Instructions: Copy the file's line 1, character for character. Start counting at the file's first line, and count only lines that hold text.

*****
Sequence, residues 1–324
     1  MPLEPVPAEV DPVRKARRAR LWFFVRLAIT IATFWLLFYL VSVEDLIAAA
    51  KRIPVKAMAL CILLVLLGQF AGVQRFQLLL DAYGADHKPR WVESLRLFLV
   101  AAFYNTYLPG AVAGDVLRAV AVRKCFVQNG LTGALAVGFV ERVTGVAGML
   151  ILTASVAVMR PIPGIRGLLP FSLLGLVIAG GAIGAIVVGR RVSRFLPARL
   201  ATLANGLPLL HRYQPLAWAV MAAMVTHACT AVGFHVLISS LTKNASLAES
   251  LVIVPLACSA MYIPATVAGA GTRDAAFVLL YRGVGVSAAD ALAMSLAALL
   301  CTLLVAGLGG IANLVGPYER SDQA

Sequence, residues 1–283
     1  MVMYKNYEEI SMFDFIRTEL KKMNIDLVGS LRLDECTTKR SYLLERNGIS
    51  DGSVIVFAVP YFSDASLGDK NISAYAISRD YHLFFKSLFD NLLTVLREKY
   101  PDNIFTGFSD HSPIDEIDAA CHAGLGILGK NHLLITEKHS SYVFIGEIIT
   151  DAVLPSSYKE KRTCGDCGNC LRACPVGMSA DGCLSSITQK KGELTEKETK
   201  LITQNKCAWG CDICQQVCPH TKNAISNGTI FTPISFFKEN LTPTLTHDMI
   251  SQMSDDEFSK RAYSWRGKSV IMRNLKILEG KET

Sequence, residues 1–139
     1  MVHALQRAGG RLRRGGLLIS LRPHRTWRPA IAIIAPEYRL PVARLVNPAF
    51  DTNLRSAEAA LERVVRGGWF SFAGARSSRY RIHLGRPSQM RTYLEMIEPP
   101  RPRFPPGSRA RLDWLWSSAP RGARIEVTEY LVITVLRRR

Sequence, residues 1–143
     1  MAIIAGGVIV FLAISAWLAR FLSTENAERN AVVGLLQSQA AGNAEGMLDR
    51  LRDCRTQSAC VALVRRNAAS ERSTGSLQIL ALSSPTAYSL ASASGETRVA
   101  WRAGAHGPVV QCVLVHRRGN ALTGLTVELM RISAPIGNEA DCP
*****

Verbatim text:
Sequence, residues 1–324